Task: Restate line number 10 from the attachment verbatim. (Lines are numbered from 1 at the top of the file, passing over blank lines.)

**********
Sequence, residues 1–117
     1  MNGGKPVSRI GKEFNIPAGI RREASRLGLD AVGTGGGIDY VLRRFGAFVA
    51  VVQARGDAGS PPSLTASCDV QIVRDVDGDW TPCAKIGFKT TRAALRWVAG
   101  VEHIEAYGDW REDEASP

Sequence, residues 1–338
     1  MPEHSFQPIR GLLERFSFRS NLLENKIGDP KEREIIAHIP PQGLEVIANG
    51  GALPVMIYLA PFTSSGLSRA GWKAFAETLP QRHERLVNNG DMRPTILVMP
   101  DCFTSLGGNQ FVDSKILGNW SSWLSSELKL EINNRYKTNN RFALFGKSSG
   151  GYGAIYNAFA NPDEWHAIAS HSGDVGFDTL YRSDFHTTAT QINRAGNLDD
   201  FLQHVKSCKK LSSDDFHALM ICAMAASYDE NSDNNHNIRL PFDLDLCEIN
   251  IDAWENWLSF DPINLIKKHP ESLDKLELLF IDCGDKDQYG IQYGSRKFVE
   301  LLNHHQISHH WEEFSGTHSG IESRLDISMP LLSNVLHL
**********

   201  FLQHVKSCKK LSSDDFHALM ICAMAASYDE NSDNNHNIRL PFDLDLCEIN